NEOMED students learn cooking- health connection at professor’s Poland homes


By BRUCE WALTON

bwalton@vindy.com

POLAND

Twelve senior Northeast Ohio Medical University students gathered around the kitchen-island counter in the home of professor Eugene Mowad this week for the start of their elective in culinary medicine.

They are learning how food and diet affect physical and mental health through learning about how to cook whole, healthful meals with easily accessible ingredients as well as learning about nutritional diets – all while in the kitchen of their instructors.

Dr. Lisa Young, the vice dean of the college of medicine and Dr. Mowad, the associate dean for clinical affairs, decided to create this elective, “Food and Life: a Physician’s Guide to a Nurturing Career,” which began this year.

“Dr. Young and I work closely together

on academic and administrative issues all the time, and we thought, ‘What’s something that we can do that could be useful for a senior medical student but also something that we enjoy doing and that would be fun for them to do?’” Dr. Mowad said.

After breakfast, the class talked about obesity and ways to treat it with various types of diets. The class then started to prepare grilled skewers with meat and vegetables, couscous with vegetables along with hummus and baba ghanouj (cooked eggplant mixed with onions, tomatoes, olive oil and various seasoning).

The location switches between Dr. Mowad’s and Dr. Young’s home kitchens because of the small class size and the idea of working in a casual environment – which Dr. Mowad said students usually will work in.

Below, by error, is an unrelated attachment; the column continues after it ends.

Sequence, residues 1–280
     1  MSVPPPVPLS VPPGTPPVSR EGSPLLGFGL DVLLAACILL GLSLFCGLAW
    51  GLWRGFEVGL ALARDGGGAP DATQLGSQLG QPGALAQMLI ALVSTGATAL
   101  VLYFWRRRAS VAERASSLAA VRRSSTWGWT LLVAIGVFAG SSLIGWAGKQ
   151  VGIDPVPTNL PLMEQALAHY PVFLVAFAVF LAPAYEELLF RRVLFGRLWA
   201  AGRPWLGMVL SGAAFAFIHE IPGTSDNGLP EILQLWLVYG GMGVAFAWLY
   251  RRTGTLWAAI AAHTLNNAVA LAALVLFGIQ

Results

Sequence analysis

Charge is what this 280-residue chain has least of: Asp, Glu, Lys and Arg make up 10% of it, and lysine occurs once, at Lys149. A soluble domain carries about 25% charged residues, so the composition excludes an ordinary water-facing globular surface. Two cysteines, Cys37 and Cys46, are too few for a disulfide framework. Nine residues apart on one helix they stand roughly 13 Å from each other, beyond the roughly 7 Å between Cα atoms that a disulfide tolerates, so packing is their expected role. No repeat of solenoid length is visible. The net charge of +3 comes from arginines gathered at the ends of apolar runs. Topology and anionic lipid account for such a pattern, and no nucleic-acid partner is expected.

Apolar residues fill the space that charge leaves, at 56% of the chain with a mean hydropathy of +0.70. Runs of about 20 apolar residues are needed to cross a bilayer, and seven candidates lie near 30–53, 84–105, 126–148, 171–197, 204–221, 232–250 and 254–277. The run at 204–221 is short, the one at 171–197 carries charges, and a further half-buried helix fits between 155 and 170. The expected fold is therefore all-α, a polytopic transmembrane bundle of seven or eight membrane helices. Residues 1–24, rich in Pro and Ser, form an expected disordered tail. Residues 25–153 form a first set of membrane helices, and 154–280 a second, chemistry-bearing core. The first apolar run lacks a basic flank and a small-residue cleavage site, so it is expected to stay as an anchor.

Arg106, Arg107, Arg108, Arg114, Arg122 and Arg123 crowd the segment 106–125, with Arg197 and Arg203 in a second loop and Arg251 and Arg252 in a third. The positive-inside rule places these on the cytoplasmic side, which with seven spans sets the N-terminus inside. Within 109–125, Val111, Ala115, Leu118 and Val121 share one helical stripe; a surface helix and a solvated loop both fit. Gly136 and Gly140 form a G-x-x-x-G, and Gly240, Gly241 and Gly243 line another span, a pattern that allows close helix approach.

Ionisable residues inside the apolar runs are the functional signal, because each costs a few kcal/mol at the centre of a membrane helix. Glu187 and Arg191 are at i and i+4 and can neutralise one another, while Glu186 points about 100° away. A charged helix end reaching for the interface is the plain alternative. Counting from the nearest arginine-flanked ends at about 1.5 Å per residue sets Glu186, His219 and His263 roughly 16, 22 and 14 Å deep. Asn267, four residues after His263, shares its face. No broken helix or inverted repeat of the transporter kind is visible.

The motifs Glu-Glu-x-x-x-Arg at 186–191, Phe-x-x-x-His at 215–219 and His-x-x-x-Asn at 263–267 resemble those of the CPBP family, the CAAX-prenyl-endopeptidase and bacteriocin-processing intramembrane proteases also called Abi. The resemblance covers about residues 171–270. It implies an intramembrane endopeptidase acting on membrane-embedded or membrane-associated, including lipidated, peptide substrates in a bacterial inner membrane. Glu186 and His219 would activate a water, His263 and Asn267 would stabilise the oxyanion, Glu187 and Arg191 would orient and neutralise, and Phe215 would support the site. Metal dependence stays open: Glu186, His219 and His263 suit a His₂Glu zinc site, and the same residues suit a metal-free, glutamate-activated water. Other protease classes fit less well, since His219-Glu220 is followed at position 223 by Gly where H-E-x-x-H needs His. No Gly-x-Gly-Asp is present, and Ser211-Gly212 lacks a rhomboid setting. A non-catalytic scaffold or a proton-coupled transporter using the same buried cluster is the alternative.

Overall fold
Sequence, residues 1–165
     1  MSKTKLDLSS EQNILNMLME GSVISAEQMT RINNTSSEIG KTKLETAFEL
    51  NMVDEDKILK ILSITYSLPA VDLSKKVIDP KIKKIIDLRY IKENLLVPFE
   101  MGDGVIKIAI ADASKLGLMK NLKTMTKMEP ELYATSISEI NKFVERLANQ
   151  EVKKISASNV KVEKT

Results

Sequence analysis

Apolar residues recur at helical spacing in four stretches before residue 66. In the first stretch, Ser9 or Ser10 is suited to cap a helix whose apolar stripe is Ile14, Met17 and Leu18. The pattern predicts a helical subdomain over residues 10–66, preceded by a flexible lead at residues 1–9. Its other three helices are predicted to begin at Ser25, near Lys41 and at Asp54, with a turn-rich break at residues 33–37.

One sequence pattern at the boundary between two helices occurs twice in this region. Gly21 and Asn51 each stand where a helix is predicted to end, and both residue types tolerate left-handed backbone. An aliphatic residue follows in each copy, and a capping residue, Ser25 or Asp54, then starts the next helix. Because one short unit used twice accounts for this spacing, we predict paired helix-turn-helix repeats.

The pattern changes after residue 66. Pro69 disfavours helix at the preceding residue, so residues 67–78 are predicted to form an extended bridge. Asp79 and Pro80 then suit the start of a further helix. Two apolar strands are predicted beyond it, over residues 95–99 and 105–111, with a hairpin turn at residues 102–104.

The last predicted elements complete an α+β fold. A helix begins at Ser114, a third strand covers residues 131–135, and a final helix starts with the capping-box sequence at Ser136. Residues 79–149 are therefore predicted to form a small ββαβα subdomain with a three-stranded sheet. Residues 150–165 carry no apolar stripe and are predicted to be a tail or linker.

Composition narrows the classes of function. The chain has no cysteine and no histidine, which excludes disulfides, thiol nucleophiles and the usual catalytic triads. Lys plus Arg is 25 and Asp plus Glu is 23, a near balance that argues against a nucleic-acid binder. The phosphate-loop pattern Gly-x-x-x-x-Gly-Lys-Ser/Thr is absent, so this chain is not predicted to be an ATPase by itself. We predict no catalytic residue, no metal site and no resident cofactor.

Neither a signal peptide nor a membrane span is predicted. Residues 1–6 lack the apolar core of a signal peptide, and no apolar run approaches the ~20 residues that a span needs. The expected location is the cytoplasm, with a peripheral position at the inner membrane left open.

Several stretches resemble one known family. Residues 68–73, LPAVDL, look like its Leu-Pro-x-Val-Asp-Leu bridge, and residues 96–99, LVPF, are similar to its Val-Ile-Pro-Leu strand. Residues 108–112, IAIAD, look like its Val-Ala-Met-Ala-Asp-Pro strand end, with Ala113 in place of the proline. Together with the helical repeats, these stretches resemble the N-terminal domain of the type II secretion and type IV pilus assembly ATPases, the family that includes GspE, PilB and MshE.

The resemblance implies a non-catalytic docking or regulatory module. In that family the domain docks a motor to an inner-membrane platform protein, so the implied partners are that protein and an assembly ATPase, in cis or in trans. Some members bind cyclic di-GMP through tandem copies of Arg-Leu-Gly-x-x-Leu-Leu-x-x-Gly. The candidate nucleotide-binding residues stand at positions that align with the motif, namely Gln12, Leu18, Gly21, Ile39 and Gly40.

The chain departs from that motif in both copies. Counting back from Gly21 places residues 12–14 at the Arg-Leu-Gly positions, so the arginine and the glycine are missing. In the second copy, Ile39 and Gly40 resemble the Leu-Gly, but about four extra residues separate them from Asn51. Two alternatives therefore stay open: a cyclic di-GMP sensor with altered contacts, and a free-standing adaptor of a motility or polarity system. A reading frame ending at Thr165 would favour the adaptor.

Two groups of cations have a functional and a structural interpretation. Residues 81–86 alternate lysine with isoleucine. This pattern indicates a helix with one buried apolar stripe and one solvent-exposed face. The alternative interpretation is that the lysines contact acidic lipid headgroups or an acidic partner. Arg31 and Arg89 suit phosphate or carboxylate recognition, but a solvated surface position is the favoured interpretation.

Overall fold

The three-week elective shows students how to apply those lessons to preparing food for themselves and their future patients so both can live a better, healthier life.

The doctors thought the class could add a great part of the senior students’ Clinical Epilogue and Capstone course. The course gathers medical students together and reflects on what they’ve done independently through different electives integrated with medicine such as cooking, film or theater.

Drs. Young and Mowad also provide students with a book, “In Defense of Food,” by Michael Pollan, which discusses the history of the Western culture diet including how it’s affected Western culture and the environment.

Safiah Amara, a fourth-year medical student studying to become a psychiatrist, said she took this class learn how to cook. But aside from learning a new skill, Amara said this class will help her profession in psychiatry, which she learned in the reading material about the relationship between diet and mental health.

“As a psychiatrist, if diet is a big part of what’s contributing to this epidemic of depression and anxiety, I’d want to know that so not only can I counsel patients and give them therapy but also talk about some lifestyle adjustments,” she said.

For the students’ last day of the class March 18, they will use the skills they’ve learned to create a final dish with a secret ingredient they must use in what they make. Dr. Mowad said his students have exceeded his and Dr. Young’s expectations of the class. They hope the elective will become just as popular next year.

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